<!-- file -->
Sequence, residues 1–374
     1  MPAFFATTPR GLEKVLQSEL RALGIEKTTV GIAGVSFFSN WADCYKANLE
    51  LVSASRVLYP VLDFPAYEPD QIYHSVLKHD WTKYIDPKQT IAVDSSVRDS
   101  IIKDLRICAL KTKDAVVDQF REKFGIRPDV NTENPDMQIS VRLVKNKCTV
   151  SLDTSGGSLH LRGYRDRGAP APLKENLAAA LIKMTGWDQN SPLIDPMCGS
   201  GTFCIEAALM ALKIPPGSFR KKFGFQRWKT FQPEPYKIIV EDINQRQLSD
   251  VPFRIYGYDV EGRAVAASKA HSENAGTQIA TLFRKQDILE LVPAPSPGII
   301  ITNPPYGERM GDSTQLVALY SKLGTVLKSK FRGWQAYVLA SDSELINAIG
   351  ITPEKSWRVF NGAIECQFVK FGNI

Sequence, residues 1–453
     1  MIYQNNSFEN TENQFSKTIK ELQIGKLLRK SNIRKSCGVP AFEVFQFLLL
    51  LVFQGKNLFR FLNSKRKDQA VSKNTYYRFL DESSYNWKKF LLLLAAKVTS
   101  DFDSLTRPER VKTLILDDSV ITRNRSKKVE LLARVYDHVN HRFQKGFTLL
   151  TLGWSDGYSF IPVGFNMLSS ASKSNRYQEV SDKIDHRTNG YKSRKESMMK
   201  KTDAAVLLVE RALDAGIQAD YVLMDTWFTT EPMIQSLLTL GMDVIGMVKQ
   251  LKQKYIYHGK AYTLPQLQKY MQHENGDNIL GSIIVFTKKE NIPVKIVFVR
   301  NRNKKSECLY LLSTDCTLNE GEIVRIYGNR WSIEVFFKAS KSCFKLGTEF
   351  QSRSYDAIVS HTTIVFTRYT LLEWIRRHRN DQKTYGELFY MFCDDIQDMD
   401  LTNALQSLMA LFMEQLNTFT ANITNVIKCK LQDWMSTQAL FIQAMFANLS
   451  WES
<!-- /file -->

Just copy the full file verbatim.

Sequence, residues 1–374
     1  MPAFFATTPR GLEKVLQSEL RALGIEKTTV GIAGVSFFSN WADCYKANLE
    51  LVSASRVLYP VLDFPAYEPD QIYHSVLKHD WTKYIDPKQT IAVDSSVRDS
   101  IIKDLRICAL KTKDAVVDQF REKFGIRPDV NTENPDMQIS VRLVKNKCTV
   151  SLDTSGGSLH LRGYRDRGAP APLKENLAAA LIKMTGWDQN SPLIDPMCGS
   201  GTFCIEAALM ALKIPPGSFR KKFGFQRWKT FQPEPYKIIV EDINQRQLSD
   251  VPFRIYGYDV EGRAVAASKA HSENAGTQIA TLFRKQDILE LVPAPSPGII
   301  ITNPPYGERM GDSTQLVALY SKLGTVLKSK FRGWQAYVLA SDSELINAIG
   351  ITPEKSWRVF NGAIECQFVK FGNI

Sequence, residues 1–453
     1  MIYQNNSFEN TENQFSKTIK ELQIGKLLRK SNIRKSCGVP AFEVFQFLLL
    51  LVFQGKNLFR FLNSKRKDQA VSKNTYYRFL DESSYNWKKF LLLLAAKVTS
   101  DFDSLTRPER VKTLILDDSV ITRNRSKKVE LLARVYDHVN HRFQKGFTLL
   151  TLGWSDGYSF IPVGFNMLSS ASKSNRYQEV SDKIDHRTNG YKSRKESMMK
   201  KTDAAVLLVE RALDAGIQAD YVLMDTWFTT EPMIQSLLTL GMDVIGMVKQ
   251  LKQKYIYHGK AYTLPQLQKY MQHENGDNIL GSIIVFTKKE NIPVKIVFVR
   301  NRNKKSECLY LLSTDCTLNE GEIVRIYGNR WSIEVFFKAS KSCFKLGTEF
   351  QSRSYDAIVS HTTIVFTRYT LLEWIRRHRN DQKTYGELFY MFCDDIQDMD
   401  LTNALQSLMA LFMEQLNTFT ANITNVIKCK LQDWMSTQAL FIQAMFANLS
   451  WES